lina appoinments of President Roose
velt, which he eonsidsrs au invasion
of his domain. Deas is full of sup
pressed wrath and babbling over with
indignation, and is securing every
i available "dot" that he thinks will
. be of assistance in frustrating the:
. appointments that are evidently most
- Mrs". Roosevelt is a good house
teeper and says she oao dress well on
300 a year.
- Arrests for drunkenness In 129
litios ia the United States are said to
iggregate.312,000 during the last fiscal
- In the year ending June 30,
1901, there was paid to railway em
ployes in the United States S577.2fU,
51 i in wages.
- A dispatch from Manila says
that, notwithstanding the port3 of
Samar are closed, supplies still reach
- Tie government's grant of 34,000
square miles to the Union Pacific
Railway Co., is the largest ever made
to any railroad company.
- It is said that Cuban nievchauts
are starting a campaign and circulat
ing petitions asking that Cuba be an
nexed to the United States.
- Milton H. Mory, cashier of tho
National bank of Boyertown, Pa., h is
disappeared with a largo amount of
securities, and tho institution has
closed its doors.
- The Amerioan Agriculturist es
timates the commercial crop of apples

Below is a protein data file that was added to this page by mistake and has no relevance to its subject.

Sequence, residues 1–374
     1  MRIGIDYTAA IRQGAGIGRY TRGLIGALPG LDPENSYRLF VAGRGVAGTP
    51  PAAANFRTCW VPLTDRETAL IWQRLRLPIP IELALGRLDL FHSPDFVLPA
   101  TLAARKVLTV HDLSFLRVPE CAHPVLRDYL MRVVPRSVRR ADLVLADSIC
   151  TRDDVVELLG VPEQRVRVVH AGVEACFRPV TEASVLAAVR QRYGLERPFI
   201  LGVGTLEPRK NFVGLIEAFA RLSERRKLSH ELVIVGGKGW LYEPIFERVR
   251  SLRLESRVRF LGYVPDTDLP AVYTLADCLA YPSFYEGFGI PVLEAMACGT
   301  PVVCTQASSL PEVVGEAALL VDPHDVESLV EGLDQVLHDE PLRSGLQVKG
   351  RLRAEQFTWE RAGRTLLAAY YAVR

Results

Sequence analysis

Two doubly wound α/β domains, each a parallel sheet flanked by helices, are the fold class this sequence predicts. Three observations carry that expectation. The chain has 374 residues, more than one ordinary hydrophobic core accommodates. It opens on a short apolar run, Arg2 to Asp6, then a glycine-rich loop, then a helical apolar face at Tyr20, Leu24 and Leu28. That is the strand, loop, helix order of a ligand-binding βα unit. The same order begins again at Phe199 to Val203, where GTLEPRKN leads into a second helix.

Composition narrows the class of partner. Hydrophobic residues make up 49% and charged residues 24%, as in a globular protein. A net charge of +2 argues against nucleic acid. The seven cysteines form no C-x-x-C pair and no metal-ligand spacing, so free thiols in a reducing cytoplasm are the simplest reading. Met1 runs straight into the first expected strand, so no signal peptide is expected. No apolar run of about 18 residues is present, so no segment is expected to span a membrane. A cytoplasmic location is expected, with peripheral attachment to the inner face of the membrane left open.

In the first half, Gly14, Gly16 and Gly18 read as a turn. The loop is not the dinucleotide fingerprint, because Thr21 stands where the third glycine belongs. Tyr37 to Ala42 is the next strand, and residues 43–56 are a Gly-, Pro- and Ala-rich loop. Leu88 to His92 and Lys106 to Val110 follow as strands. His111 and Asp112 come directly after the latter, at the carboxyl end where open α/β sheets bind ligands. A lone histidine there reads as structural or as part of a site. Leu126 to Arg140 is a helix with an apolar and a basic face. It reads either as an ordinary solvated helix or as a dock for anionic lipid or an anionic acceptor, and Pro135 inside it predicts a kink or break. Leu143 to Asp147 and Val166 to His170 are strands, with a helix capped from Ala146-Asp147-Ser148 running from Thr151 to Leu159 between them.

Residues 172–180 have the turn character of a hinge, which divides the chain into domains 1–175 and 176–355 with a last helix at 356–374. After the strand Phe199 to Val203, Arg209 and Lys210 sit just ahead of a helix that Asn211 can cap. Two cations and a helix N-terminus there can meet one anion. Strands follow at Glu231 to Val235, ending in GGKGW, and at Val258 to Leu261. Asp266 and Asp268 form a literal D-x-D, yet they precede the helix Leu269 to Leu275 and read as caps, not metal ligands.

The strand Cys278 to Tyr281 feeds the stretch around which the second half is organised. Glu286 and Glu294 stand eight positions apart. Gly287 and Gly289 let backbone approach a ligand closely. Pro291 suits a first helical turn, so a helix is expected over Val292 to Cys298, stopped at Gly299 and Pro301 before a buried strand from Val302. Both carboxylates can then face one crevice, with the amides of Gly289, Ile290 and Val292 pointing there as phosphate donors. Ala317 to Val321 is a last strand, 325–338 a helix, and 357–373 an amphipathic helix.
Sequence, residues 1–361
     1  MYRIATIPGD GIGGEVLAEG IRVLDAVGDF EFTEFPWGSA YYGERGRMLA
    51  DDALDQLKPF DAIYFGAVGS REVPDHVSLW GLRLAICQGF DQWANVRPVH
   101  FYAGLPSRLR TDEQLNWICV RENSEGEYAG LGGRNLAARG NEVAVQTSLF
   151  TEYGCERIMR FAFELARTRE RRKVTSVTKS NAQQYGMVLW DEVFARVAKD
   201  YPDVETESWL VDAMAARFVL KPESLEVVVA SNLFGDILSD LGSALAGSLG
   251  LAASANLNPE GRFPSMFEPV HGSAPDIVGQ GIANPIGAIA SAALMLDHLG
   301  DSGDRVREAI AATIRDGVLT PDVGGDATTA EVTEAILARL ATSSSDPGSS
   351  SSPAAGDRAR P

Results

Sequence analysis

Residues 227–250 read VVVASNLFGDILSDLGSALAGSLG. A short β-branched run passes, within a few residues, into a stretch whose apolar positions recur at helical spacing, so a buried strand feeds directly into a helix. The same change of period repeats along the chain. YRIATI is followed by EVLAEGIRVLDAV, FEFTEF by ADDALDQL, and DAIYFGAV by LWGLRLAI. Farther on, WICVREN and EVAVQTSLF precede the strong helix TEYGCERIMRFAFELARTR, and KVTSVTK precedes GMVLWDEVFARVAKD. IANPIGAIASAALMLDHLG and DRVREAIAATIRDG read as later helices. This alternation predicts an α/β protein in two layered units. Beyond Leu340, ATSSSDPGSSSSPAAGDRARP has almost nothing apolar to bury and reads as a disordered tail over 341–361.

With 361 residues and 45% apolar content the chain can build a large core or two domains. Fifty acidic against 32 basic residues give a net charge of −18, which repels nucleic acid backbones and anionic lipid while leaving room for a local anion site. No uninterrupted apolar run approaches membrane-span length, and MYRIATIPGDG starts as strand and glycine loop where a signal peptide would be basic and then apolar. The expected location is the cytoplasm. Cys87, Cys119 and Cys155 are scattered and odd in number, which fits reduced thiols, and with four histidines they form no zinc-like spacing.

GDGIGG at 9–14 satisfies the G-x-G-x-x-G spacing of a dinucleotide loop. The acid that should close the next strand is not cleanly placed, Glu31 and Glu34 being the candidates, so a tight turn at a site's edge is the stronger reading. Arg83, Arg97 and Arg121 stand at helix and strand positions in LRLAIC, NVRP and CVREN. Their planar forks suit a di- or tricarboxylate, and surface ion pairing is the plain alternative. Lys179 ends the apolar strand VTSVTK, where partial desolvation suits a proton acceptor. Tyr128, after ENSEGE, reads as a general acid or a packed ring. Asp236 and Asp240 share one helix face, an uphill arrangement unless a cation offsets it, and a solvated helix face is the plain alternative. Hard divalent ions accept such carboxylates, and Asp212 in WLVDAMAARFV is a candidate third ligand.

this year at 23,000,000 barrels, agaiost
48,000,000 last year and 70,000,000 in
- Two female nurses in the insane
asylum at Bunning, 111 , have been
charged with causing the death of
two patients by withholding food from
- Rev. B. Ar Cherry, of Lebanon,
Tenn., has been deposed from the
ministry for setting fire to buildings
in order to get insurance. Insanity is
- President Roosevelt has decided
to appoint a Democrat to fill the va
oanoy on the benoh in North Caro
lina caused by the death of Judge
- Negroes are on the warpath about
Selma, Ala. There were twenty homi
cides in that vioinity in two weeks, all
being negroes that were engaged in
the deadly work.
- A bread war is on in Cincinnati,
and a 15 ounoe loaf for a cent is near
.at hand. It is olaimed that there is a
profit for the large bakers at a oent
and a half a loaf.
- The postmaster geo <? al in his
annual report makes some suggestions
for a radioal o ban ge *n the matter of